Varies widely; influenced by sex, stage of annual cycle, and location. Poole 1984 compared time devoted to foraging among males with unfledged young in South Florida and eastern Long Island, New York. On average, Florida males (n = 4) foraged 1.86 h/d (12 h daylight); New York males (n = 14), 2.41 h/d and 5.55 h/d at 2 different locations, the latter far from productive fishing areas (16 h daylight). Other aspects of time budgets less well quantified here, but 90–95% of remainder of day spent perched (resting, eating, preening), 5–10% in movement near the nest; e.g., bathing, nest defense (flight), etc. At the same time, females in these populations spent over 95% of day (and presumably all night) at the nest (brooding, guarding, and feeding young), 2–5% of the day off the nest (bathing, chasing intruders [nest defense], foraging [rare until young fledge]). In northeastern Nova Scotia, females spent much more time at nest than males did, incubated more (70 vs. 30%); male hunting time increased markedly after hatching, from 19 to 55% of daylight observation time (Jamieson et al. 1982).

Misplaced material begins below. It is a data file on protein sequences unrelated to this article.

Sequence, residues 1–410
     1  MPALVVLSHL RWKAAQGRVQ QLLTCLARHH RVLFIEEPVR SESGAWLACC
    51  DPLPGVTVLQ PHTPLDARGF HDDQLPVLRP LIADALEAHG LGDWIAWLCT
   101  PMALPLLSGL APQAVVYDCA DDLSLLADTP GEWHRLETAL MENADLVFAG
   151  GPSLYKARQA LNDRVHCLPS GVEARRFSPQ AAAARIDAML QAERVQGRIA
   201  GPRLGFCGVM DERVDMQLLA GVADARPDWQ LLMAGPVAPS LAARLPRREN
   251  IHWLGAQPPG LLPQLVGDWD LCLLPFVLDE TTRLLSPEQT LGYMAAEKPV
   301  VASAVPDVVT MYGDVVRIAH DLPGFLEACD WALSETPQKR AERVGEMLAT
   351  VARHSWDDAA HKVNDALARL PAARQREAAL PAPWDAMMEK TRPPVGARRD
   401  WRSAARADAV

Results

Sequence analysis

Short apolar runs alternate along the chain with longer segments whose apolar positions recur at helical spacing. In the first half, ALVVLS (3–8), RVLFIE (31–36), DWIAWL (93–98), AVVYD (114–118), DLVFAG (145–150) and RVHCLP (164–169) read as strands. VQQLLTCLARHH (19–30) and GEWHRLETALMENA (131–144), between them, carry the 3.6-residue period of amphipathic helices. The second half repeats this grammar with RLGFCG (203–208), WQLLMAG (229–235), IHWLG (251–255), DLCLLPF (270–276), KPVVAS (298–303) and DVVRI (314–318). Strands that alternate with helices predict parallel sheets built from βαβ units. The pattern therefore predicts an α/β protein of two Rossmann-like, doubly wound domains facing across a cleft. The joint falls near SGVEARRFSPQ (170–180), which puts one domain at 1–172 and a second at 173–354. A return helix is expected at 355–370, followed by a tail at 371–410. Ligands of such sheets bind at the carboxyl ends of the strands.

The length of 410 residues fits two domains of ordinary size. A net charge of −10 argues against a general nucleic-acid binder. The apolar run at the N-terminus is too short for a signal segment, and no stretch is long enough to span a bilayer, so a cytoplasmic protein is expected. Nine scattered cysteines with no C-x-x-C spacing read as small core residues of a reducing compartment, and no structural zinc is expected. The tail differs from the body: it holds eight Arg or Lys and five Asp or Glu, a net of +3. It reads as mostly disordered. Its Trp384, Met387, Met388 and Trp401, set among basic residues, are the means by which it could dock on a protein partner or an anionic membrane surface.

Few data on time budgets during overwintering periods, when individuals are often mobile and hard to follow. Prevost 1982 provided rough estimates for Ospreys overwintering in West Africa: foraging time to meet daily requirements varied by habitat and month, but ranged from 16 to 145 min/24 h, averaging about 30 min; 12 h spent sleeping (roosting); about 0.5 h flying not related to hunting; and remainder of 24-h period was spent resting. Not a strenuous day; compare with breeders, above. Substantial amounts of data providing minute-by-minute locations from GSM-GPS satellite tagged birds yet to be analyzed will add to our understanding of daily time budgets both on the breeding and wintering grounds.

Agonistic Behavior